**BASIC CONCEPT:**

A hyperbola is the locus of a point which moves such that, ratio of its distance from a fixed point ( **focus **) and its distance from a fixed straight line ( **directrix **) is a constant ( **eccentricity **).

**This constant (eccentricity) is greater than unity.**

## Standard Equation and Basic Definitions:

Let S be the focus and ZM the directrix of a hyperbola.

Since e > 1, we can divide SZ internally and externally in the ratio e : 1, let the points of division be A and A’ as in the figure.

Let AA’ = 2a and C is the mid point of AA’

Then, SA = e. AZ

and SA’ = e. ZA’

⇒ SA + SA’ = e(AZ + ZA’)

= 2ae

i.e., 2SC = 2ae or SC= ae.

Similarly by subtraction,

SA’ − SA = e(ZA’ − ZA) = 2e(ZC)

⇒ 2a = 2e(ZC)

⇒ ZC = a/e

Now, take C as the origin , CS as the x-axis, and the perpendicular line CY as the y axis.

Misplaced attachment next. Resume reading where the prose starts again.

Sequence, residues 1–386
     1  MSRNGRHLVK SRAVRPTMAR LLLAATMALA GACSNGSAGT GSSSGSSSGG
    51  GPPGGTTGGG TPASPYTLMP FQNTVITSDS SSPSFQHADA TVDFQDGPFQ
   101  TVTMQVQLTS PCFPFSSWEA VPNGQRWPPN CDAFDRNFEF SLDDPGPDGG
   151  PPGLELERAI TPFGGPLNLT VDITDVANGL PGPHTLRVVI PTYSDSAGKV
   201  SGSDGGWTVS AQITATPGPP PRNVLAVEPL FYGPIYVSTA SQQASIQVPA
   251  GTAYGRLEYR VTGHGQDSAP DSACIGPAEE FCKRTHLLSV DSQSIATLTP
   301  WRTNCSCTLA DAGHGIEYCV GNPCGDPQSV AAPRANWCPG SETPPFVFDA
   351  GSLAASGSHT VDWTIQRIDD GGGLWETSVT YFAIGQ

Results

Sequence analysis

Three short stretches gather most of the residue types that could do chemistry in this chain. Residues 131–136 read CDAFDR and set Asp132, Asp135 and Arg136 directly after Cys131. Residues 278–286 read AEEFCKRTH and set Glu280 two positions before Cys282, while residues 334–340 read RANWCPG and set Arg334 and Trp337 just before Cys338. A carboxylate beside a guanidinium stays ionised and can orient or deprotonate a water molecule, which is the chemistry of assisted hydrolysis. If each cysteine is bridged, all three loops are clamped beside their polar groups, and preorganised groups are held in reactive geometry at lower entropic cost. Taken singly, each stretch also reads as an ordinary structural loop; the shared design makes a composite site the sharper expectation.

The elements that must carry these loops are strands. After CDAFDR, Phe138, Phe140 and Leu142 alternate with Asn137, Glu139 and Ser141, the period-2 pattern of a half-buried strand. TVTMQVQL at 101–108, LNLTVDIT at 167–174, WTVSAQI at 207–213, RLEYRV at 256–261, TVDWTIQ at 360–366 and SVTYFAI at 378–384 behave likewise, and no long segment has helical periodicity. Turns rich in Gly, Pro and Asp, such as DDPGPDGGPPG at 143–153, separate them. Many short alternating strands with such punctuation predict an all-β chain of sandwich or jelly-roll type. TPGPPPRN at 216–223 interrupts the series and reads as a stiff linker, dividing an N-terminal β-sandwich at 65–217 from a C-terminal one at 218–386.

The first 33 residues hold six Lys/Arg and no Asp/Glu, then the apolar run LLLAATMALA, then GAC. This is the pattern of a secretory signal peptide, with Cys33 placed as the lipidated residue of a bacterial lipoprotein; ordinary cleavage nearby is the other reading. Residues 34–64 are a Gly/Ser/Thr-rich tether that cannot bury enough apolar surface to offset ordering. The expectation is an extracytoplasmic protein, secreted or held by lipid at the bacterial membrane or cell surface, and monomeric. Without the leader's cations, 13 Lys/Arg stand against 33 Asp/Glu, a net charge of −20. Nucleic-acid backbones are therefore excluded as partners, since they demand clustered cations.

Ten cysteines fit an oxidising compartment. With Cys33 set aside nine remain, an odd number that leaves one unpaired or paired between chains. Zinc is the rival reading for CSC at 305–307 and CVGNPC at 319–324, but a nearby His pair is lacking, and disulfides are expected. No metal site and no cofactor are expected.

Then, S is the point (ae , 0) and ZM the line x = a/e.

### Let P(x , y) be any point on the hyperbola

Then the condition PS^{2} = e^{2}. (distance of P from ZM)^{2} gives

(x − ae)^{2} + y^{2} = e^{2} (x − a/e)^{2}

x^{2}(1 – e)^{2} + y^{2} = a^{2}(1 – e^{2})

$ \displaystyle \frac{x^2}{a^2} – \frac{y^2}{a^2(e^2 -1)} = 1 $ …(i)

Since e > 1, e^{2} – 1 is positive.

Let a^{2}(e^{2} − 1) = b^{2} .

Then the equation ( i ) becomes

$ \displaystyle \frac{x^2}{a^2} – \frac{y^2}{b^2} = 1 $

∎ The eccentricity e of the hyperbola $ \displaystyle \frac{x^2}{a^2} – \frac{y^2}{b^2} = 1 $ is given by the relation

$ \displaystyle e^2 = (1+ \frac{b^2}{a^2}) $

∎ Since the curve is symmetrical about the y – axis, it is clear that there exists another focus S’ at (−ae, 0) and a corresponding directirx Z’M’ with the equation x= −a/e , such that the same hyperbola is described if a point moves so that its distance from S’ is e times its distance from Z’M’.

∎ The points A and A’ where the straight line joining the two foci cuts the hyperbola are called the vertices of the hyperbola.

∎ The straight line joining the vertices is called the transverse axis of the hyperbola, its length AA’ is 2a